I think this night was almost ten years ago now, but I can remember the topic and the conversation between the seven or eight women in the room as if it was yesterday.
The topic was in-laws. As topics go, this is one that everyone has a story about it. And it seems the worse the story, the better the story.
Even though I didn’t even have a boyfriend at the time, I clearly remember hanging onto every word of my mom and her friends, as marriage and relationships have always been topics of interest to my girlie-girl mind.
Women told stories of mother-in-laws being too intrusive, and then others told stories of mother-in-laws that weren’t involved enough… but one particular woman’s story really had the wheels a turning in my young, naïve mind. The situation she chose to elaborate on was surrounding her mother-in-law and gifts.
Her mother-in-law had three daughters and two daughter-in-laws, and every Christmas, the daughters’ gifts would be considerably nicer than the gifts of the daughter-in-laws.
All the women in the room groaned and acknowledged how obviously rude, annoying, and how not fair that was, but that wasn’t even the real source of anger in this woman’s story. The real source of anger came from the difference in her CHILDREN’S gifts! The daughters’ children would get more gifts and more expensive gifts, while the daughter-in-laws’ children had less gifts and less spent on them.
And there I sat, in the living room full of women that were all daughter-in-laws to someone and as a fourteen year old girl that only saw pretty white dresses when I heard the word marriage, I looked at my mom and boldly exclaimed, “Well, when Atticus gets married, I would hope you would get me a nicer gift! I’m your daughter.”
I spoke those words with all that is fourteen and naïve. My mom and the other moms/daughter-in-laws all tried to explain to me how the girl that Atticus marries then becomes part of our family, etc. I really don’t even remember exactly what they all said, but I just remember so very clearly thinking, “What is the big deal? Clearly a mom is going to love her real daughter more and treat her way better.”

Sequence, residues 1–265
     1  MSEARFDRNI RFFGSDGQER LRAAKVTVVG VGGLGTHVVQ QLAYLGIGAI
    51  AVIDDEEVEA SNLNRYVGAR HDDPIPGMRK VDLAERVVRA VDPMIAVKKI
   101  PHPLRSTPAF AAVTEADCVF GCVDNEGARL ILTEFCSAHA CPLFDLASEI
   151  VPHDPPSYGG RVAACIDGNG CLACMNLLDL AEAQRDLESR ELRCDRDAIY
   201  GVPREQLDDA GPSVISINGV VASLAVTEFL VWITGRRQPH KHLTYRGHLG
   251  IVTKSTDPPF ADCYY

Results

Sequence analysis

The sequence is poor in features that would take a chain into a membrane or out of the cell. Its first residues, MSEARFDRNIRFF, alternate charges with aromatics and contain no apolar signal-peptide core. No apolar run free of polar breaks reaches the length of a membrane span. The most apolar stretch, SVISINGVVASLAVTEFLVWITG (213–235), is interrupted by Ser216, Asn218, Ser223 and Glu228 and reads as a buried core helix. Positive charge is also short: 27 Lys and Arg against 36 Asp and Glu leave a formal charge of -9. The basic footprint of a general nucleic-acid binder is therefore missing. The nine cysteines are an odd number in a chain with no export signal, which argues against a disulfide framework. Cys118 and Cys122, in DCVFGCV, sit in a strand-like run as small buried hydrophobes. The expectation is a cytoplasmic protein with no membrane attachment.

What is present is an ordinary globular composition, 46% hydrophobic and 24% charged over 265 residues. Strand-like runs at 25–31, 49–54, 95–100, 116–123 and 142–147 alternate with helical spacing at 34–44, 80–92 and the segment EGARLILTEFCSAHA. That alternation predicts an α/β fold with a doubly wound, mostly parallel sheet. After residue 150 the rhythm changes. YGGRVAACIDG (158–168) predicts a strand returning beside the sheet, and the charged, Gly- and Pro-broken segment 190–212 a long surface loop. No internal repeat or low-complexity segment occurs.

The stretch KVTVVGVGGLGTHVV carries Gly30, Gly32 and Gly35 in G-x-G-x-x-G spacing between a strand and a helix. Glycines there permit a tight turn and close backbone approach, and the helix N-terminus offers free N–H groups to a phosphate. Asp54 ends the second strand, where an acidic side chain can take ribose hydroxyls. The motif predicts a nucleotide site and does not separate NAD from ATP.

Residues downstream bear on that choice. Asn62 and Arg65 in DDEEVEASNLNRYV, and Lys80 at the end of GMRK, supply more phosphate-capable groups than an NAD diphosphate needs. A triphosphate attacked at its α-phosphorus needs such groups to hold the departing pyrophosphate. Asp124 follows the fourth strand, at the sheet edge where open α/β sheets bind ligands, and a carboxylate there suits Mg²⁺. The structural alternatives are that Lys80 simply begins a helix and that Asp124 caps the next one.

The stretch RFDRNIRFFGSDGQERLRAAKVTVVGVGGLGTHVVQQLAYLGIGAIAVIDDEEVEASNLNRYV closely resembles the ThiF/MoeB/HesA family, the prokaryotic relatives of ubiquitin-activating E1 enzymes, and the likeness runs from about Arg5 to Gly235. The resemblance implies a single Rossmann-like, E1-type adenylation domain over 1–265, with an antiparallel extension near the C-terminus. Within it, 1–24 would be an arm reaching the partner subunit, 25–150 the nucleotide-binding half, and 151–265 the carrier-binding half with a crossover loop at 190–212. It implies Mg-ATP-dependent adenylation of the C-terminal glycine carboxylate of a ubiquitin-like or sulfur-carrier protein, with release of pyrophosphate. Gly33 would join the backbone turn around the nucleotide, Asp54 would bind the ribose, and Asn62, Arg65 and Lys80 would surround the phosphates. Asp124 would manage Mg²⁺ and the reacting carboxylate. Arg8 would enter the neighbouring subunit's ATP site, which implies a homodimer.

And OH. MY. GOODNESS. How I would love to travel back in time and let my 26-year-old self that has been married all of 5 months go pull aside my 14-year-old self to better explain how completely clueless I was that night.
But really, I look back at this story and gleam some wisdom from what was quite an embarrassing claim at the time. When I was 14 that was all I saw of the picture. I wasn’t trying to be a jerk when I said what I said – I just wasn’t thinking about anyone but ME. And when you’re 14 and think marriage means “pretty dress,” it all did seem pretty simple.
But then you grow up and learn that marriage has nothing to do with dresses and everything to do with compromise and people and CONSIDERATION. And I look back at that story and I laugh, but I also feel compelled to draw from that story a sense of understanding.
Remembering how once upon a time I heard that story and only thought about the daughter and didn’t consider that one day I might be the daughter-in-law causes me to stop and think.
If once upon a time I was so clueless and ignorant, what am I saying RIGHT NOW about people in positions I haven’t been (ie. mother, mother-in-law) that one day I’ll have to look back on and realize I just didn’t know.
I don’t know if this discussion about in-laws has specifically resonated with you, but my hope is that in this last post of the series, maybe, just maybe, MY own stupidity from a decade ago might strike some thoughtful reflection for you in your own relationships.
Because while these relationships aren’t always easy, this Thanksgiving, I’m surely thankful for all of the women in my life!
To conclude with the wise words of Honest Abe: “All that I am or ever hope to be I owe to my mother.”
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